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Preventing Severe Illness From Infectious Diarrhea In Children

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WebMD Health News

Jan. 20, 2000 (Boston) -- Doctors may soon be equipped with drugs to treat potentially fatal diarrhea that results from the most common infectious cause of diarrhea in kids in the U.S. Every year, severe diarrhea and vomiting caused by rotavirus kill an estimated 600,000 to 800,000 children.

Infection with rotavirus appears to stimulate nervous system cells that line the walls of the intestines, causing them to release large volumes of water and electrolytes, say Ove Lundgren, MD, PhD, and others from Göteborg University, University Hospital in Uppsala, and the Swedish Institute for Infectious Disease Control in Solna, all in Sweden.

Their findings, published in the Jan. 21 issue of the journal Science, suggest that it may be possible to reduce dehydration caused by rotavirus infections with drugs that slow the function of the nerves in the intestines. The welcome news comes just a few months after the FDA withdrew from the market a much-anticipated and highly promising vaccine against rotavirus infections. The withdrawal followed a series of reports, confirmed by the CDC in Atlanta, which showed that children who received the vaccine had a small but significant increase in risk for serious or even fatal bowel obstructions.

According to the CDC, most people with viral gastroenteritis (inflammation of the stomach and small and large intestines) recover completely without any long-term problems, provided that they replenish fluids lost through diarrhea and vomiting by taking extra fluids and special rehydration solutions (sold without prescription in drug stores). Infants, young children, the elderly, and people with immune systems weakened by disease or medications are especially at risk for dehydration, the CDC cautions.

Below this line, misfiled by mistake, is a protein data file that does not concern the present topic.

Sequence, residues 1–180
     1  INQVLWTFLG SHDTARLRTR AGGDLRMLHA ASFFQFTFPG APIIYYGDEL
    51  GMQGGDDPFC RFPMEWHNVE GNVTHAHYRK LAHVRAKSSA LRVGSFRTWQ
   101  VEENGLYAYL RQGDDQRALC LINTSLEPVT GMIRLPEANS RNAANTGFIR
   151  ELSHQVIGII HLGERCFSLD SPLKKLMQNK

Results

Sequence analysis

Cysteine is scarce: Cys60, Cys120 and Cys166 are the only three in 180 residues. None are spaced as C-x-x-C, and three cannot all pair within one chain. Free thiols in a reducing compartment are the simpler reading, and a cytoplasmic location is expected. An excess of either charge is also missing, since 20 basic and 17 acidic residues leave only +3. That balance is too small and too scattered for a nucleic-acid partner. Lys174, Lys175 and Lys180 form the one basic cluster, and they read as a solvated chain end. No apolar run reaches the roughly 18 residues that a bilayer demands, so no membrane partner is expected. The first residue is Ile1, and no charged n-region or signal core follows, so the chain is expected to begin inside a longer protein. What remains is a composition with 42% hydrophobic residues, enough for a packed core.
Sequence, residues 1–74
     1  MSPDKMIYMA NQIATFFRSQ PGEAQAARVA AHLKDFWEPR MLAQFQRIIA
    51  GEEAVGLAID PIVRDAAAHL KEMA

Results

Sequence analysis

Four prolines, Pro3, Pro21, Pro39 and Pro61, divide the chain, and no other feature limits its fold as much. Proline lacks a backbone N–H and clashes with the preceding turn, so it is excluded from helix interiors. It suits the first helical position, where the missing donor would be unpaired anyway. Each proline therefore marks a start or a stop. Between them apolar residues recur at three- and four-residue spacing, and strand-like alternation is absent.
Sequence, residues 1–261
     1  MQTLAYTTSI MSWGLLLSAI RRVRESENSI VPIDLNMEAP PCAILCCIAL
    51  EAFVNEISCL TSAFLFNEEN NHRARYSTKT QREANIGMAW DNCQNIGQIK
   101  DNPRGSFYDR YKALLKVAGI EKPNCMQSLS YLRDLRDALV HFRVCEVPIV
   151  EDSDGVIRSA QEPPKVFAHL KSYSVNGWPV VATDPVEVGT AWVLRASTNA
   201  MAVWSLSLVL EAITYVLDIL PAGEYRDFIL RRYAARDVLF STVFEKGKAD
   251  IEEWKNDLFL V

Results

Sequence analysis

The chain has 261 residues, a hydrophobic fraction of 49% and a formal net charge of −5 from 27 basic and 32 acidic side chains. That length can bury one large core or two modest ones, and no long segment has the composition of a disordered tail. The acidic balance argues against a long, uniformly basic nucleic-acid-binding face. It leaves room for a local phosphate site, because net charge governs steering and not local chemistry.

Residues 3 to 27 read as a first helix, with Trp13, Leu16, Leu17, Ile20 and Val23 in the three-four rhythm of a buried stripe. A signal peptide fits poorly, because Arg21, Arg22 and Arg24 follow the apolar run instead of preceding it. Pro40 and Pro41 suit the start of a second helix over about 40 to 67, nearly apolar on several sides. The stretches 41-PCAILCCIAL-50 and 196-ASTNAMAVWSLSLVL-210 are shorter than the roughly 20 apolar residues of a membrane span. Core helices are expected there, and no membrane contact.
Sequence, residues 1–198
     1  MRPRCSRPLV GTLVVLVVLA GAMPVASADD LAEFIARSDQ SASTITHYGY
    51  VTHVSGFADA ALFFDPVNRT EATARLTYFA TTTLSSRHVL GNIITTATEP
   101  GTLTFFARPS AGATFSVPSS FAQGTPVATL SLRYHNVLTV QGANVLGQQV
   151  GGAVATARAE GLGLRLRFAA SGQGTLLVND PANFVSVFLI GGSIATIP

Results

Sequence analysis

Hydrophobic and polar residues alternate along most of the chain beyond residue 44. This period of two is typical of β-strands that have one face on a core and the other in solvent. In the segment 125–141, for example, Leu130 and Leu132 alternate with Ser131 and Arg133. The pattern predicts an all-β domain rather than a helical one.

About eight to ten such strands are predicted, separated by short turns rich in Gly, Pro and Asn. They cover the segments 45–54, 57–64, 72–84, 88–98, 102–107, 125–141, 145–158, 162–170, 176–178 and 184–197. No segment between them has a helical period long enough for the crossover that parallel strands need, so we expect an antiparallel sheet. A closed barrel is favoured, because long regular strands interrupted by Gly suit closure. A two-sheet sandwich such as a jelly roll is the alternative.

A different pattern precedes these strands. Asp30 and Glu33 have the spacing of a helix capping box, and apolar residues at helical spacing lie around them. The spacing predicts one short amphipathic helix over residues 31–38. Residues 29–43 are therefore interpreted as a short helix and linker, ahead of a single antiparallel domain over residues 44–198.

The Swedish researchers had previously shown that gastroenteritis caused by infections with bacteria such as cholera causes the release of a naturally occurring chemical called serotonin that, in turn, causes nerve cells within the intestines to release large quantities of fluids, perhaps in an attempt to flush harmful substances out of the mucous layer lining the digestive tract.

In the current study, they saw the same thing occurring in the stomachs and intestines of newborn mice that had been exposed to the rotavirus. But when they gave one group of infected mice injections of lidocaine, a common anesthetic that deadens nerve impulses, they found that only six of the 14 mice developed diarrhea. In contrast, 14 of 15 mice that were infected with the virus but did not receive lidocaine went on to develop diarrhea. The researchers also found that three other drugs appeared to significantly reduce activation of the intestinal nervous system.

"On the whole, it's interesting to understand what type of substances are released on the epithelial cells [lining the stomach and intestines] to induce the activation of the nervous reflex, because that would be another point of attack for an anti-diarrheal drug," says Lundgren, professor of physiology at Göteborg University, in an interview with WebMD.

The study results suggest several possible targets for drugs aimed at preventing fluid loss from diarrhea. One strategy would be a drug that could block the corridors through which nervous system signals travel. Another approach might be to prevent or delay the release of serotonin or other chemicals that could stimulate the nervous system to release fluids, the authors say.

Vital Information:

  • Severe diarrhea and vomiting caused by rotavirus, a common viral infection, kills 600,000 to 800,000 children each year.
  • In a new study on mice infected with rotavirus, the anesthetic lidocaine prevented the development of diarrhea.
  • Researchers suspect that the drug deadens the nerve impulses that stimulate the intestines to release large quantities of fluid.

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